Students in the USA took part in a protest on Wednesday. Tens of thousands of high-schoolers walked out of their schools to protest against gun violence. They chose March 14 for their protest as that marks a month since the February 14 Florida shooting in which 17 students lost their lives. At Stoneman Douglas High School, where last month's tragedy took place, students gathered on the football field for 17 minutes to remember their lost classmates. One student said: "The walkout was for those who will never be here again, but we're fighting for those who might be next." Another student said: "I came out because of what happened in Florida, but also because of what happens in my neighborhood every day."
In the U.S. capital, Washington DC, hundreds of students gathered outside the White House to protest. They sat with their backs turned to the building for 17 minutes. They then took part in chants against the powerful gun group the National Rifle Association (NRA). U.S. Senator Elizabeth Warren joined the crowds and spoke at a rally outside the Capitol building. She said: "The NRA has held Congress hostage for years now. These young people have shown up to free us. I believe the young people will lead us." Many of the students in the crowd wanted to remind President Donald Trump that they would be old enough to vote in the 2020 elections, so he should listen to them now.
   

Amazon

     


     There is no doubt that online shopping is big business. Amazon, the world’s biggest retailer, had a net sales figure of over $61 billion in 2012. The retail giant, which was founded by Jeff Bezos in 1994, started off as an online bookshop. Then it widened its product range to CDs, DVDs, software and other electronics. Nowadays, it sells everything from food and cosmetics to jewellery, toys and kitchen appliances.

     However, shopping online can be a problematic experience for customers. Not being able to touch the product or at least see it properly is a big disadvantage. It is often difficult to know what a product is really like until it lands on your doorstep. And then what it you don’t like it? Of course, you can send it back, but many potential customers see that as a risk.

     That’s why Amazon’s customer reviews are so important. Reviews are written by customers who have already bought and tried out the product. They are often considered more reliable than the information that you get from the manufacturer of the product because, it is claimed, the reviews are written by real people. These people take the time to praise – or warn other customers about – a product that they have spent their hard-earned money on.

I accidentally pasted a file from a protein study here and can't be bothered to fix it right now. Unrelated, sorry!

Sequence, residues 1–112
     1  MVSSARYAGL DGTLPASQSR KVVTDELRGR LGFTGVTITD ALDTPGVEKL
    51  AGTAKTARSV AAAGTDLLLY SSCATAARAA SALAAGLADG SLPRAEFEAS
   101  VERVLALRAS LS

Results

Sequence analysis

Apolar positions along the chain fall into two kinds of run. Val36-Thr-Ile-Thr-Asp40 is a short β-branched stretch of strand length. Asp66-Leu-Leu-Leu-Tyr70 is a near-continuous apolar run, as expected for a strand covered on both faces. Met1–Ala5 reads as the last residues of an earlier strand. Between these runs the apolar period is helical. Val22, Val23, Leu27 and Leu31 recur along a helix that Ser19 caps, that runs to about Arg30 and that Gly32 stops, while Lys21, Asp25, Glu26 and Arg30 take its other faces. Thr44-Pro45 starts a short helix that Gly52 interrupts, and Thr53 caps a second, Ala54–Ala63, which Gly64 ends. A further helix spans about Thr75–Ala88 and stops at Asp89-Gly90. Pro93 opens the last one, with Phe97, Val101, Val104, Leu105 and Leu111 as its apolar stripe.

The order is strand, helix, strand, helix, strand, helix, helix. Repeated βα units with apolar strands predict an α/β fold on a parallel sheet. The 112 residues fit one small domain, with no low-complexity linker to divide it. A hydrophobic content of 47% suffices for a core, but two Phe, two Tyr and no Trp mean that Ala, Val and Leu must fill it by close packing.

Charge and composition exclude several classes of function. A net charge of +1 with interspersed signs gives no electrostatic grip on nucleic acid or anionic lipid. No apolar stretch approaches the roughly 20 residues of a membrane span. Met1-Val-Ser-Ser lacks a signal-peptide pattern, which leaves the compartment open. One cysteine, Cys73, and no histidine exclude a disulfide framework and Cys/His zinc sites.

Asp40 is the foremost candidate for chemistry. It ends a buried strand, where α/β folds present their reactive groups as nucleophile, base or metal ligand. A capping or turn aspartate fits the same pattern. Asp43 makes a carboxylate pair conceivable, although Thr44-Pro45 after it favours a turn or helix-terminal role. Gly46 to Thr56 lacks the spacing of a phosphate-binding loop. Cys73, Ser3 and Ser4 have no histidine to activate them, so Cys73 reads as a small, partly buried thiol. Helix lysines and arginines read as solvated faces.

However, a recent report on National Public Radio (NPR) in the USA has revealed that the most frequent reviewers on Amazon aren’t really customers like you and me. They are people who have sent thousands of dollars’ worth of products by manufacturers every week to use and write about on the website. Amazon has set up a system whereby top reviewers are invited to review the products that are sold on the site. Each week, they are sent a list of products available for review. The number of products is limited so you have to choose quickly if you want to get the more interesting items. Otherwise you could end up reviewing a roll of adhesive tape. Once the reviewers have chosen what they what to review, the products are sent to them by courier for free.

   These reviewers are obliged to review the products within thirty days and they are not subsequently allowed to sell or give them away. What’s more, Amazon can ask reviewers to return the products at any time, although this has never happened. Nevertheless, before you dismiss the system as somehow dishonest or misleading, you must remember that Amazon are very clear about another requirement of their top reviewers – they insist on honest reviews that will help customers make better choices. The bottom line is better choices make happier customers.

Question 1: [2 POINTS] Indicate whether the following statements are true or false and write down which part of the text justifies your answer.
    a) When Amazon was first set up, it sold books, DDs, DVDs , software and other electronics.
    b) Customers don’t mind buying online, since they can return the products they don’t like.
    c) Reviewers have a limited time to review the product.
    d) Amazon wants reviewers to tell the truth about the products they write about.